Continued from product description
on Home Crafts' Page One...
Background: A button is described as an object that can
be used to fasten clothing. A button either has holes to sew
the button onto the garment or a loop or shank on the back of
the button for this purpose. Buttons have been made from every
possible material found on the earth including iron, bronze,
silver, gold, brass, pewter, shell, mother of pearl, wood, bone,
horn, antler, ivory, glass, stone, leather, ceramic, celluloid,
and plastic. The word "button" comes from the French
word "bouton," meaning "bud" or "knob."
The history of buttons begins in the Bronze Age. There was
no usefulness attributed to buttons then because they were only
used for decorative purposes and not for fastening articles of
clothing. Buttons were found on the 10,000-year-old "iceman"
discovered in the Italian Alps. Ancient Egyptians, Greeks, Romans,
Chinese and pre-Colombian Americans used buttons as decorative
The 13th century saw a change in the way buttons were used.
In Western Europe, clothing styles were fitted and buttons were
used to fasten clothing together. Buttons were an expensive item
for most people and were being made of wood, horn, and metal.
By the 14th century, buttons were more of a status symbol and
men would flaunt their clothing with the best, largest, or most
elaborate buttons. During the 16th century, nobility used buttons
made of precious metal, usually gold or silver. Some buttons
were even decorated with delicate paintings. The wealthy began
to spend large sums of money on buttons to show off their finery.
This caused some religious sects to ban the use of buttons. For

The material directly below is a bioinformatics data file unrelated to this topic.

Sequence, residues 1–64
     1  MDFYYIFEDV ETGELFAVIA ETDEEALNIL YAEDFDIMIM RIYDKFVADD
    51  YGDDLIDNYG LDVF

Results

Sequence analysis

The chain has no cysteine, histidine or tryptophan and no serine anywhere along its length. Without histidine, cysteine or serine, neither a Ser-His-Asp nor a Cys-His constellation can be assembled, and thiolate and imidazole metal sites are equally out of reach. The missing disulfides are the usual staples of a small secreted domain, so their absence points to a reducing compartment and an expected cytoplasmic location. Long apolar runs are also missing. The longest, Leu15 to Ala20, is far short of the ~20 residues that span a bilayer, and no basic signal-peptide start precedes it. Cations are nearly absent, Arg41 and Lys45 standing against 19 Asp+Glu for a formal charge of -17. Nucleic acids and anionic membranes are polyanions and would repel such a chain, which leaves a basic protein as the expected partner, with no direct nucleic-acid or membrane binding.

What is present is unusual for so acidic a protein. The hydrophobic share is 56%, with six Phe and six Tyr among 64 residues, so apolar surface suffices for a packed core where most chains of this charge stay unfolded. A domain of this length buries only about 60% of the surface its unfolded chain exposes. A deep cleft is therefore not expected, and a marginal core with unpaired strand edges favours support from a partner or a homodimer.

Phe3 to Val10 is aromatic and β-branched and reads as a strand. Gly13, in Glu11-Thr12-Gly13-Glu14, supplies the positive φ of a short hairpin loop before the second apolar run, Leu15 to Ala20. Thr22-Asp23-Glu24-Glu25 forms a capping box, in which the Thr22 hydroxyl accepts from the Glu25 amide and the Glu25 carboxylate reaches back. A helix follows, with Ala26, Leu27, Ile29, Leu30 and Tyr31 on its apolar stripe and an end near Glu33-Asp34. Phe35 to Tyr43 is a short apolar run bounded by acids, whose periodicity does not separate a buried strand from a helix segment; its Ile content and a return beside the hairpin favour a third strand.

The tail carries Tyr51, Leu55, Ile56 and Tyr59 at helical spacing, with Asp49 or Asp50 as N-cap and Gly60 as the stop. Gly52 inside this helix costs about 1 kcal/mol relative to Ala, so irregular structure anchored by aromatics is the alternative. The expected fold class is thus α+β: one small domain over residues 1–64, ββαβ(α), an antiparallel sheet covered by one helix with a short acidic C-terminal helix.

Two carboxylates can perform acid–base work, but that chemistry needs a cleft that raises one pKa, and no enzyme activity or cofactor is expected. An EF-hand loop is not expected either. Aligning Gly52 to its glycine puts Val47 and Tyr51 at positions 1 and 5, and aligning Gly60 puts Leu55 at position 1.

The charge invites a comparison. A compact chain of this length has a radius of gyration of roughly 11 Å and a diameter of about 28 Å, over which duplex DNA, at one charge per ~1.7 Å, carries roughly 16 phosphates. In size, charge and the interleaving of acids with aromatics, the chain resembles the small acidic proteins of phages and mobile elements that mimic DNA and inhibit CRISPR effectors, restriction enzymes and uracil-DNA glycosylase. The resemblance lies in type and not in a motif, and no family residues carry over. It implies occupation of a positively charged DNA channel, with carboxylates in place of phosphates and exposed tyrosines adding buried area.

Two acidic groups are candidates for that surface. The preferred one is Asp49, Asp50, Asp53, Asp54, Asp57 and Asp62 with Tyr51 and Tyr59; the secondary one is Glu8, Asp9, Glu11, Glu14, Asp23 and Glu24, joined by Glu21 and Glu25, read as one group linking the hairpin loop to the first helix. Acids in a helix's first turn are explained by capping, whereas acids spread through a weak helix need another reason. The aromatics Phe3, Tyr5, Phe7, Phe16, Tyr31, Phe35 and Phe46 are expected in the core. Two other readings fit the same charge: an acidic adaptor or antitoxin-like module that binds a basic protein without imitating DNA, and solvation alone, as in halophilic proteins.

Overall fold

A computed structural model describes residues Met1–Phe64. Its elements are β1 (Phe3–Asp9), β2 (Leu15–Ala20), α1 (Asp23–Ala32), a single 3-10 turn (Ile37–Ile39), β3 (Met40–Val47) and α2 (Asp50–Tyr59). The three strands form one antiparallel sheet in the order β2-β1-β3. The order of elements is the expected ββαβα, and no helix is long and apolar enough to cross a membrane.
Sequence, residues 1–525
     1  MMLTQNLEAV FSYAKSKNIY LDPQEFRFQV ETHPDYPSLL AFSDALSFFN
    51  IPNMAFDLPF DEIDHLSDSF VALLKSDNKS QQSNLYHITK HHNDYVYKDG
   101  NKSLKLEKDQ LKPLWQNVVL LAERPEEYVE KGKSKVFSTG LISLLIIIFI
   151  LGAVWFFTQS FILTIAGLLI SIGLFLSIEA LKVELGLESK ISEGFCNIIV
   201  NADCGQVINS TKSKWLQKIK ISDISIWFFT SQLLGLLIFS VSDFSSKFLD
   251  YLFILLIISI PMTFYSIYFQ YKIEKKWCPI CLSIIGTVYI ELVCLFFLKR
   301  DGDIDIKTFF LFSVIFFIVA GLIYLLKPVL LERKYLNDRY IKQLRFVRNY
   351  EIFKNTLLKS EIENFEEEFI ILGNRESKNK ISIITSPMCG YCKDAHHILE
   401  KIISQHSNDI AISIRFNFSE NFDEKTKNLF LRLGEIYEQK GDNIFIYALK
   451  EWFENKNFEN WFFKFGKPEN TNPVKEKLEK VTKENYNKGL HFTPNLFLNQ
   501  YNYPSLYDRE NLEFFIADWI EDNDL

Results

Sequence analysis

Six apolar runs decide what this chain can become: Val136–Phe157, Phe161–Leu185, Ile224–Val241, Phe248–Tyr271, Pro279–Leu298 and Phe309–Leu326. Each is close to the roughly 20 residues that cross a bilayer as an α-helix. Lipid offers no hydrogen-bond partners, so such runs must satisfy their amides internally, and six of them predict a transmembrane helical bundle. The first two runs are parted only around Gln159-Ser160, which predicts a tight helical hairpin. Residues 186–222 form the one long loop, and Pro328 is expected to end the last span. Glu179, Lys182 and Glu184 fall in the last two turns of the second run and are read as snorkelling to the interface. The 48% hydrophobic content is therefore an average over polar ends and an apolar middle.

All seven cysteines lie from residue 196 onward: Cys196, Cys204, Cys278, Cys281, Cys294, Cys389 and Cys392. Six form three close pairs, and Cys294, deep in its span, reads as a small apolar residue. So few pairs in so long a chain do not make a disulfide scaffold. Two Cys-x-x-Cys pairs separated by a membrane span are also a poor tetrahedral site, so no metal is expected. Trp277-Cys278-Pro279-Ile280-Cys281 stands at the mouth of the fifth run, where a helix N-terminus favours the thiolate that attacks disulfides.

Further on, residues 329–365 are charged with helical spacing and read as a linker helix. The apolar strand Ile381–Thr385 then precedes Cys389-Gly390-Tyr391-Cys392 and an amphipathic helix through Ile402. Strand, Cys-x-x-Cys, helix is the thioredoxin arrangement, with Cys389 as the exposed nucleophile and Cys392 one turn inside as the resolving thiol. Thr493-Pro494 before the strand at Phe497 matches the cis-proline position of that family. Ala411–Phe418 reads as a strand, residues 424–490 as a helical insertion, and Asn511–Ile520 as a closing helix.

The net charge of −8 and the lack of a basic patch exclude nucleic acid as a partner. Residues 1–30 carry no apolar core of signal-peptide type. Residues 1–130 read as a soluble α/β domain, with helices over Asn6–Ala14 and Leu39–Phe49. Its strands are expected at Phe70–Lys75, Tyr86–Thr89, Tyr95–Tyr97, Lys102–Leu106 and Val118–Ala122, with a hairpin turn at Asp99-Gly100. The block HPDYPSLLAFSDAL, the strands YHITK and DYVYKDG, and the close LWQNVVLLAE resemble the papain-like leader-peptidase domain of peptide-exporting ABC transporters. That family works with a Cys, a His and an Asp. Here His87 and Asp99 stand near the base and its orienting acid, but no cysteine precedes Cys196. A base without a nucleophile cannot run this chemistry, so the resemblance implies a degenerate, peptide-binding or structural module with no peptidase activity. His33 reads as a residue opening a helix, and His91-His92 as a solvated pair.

the next 200 years, men's clothing featured more buttons than
In 1750, a German immigrant, Caspar Wistar, began making brass
buttons in Philadelphia, Pennsylvania. Metal buttons imported
from France were used on the uniforms of the Continental Army.
Mass production of buttons began in the 19th century. The
button-making industry is associated with the "golden age
of buttons" -- from 1830 to 1850. By 1860, women were the
main users of the new "novelty" buttons. Queen Victoria
began using jet buttons in 1861 while mourning the death of her
husband, Prince Albert. Others followed suit and soon black glass
was substituted for the jet, which was very expensive. If you
want to know whether you have a jet or black glass button, put
the button in water. Jet buttons float while glass buttons sink.
Fact: In 1812, Aaron Benedict of Waterbury, Connecticut,
bought up all the pots and pans he could find and used the metal
to make buttons in his mill.
Fact: Covered buttons are buttons that can be covered
with fabric to match a particular piece of clothing, such as
a shirt or dress.
Fact: In 1840, rubber buttons were made, but these did
not hold up well and were discontinued.
Fact: Before brass was used for buttons in the 1920s,
British buttons were made from pewter.
Fact: Celluloid was developed to replace ivory.
Fact: Velcro is considered to be like a button in the
usefulness it provides. Velcro fasteners make it easy to put
on and take off clothing used by hospital patients and those
unable to dress themselves with clothing that have traditional
Fact: Most uniform buttons are in a category all by themselves
because they are stamped with the name of the establishment on
the button, such as military, fire departments, police, hotels,
airlines, railroads, schools, banks, as well as city and state
organizations. Livery buttons even existed which bore a family's
coat of arms or crest imprinted on them and were also used on
the clothing of servants.
Fact: Because buttons can be expensive, many people recycle
the buttons from old clothes to use on newly made garments. A
box of buttons can be found in most households. Rummaging through
old buttons can be a lot of fun, as button collectors know. Button
collecting has become a passion for many people and, in 1938,
the National Button Society was formed.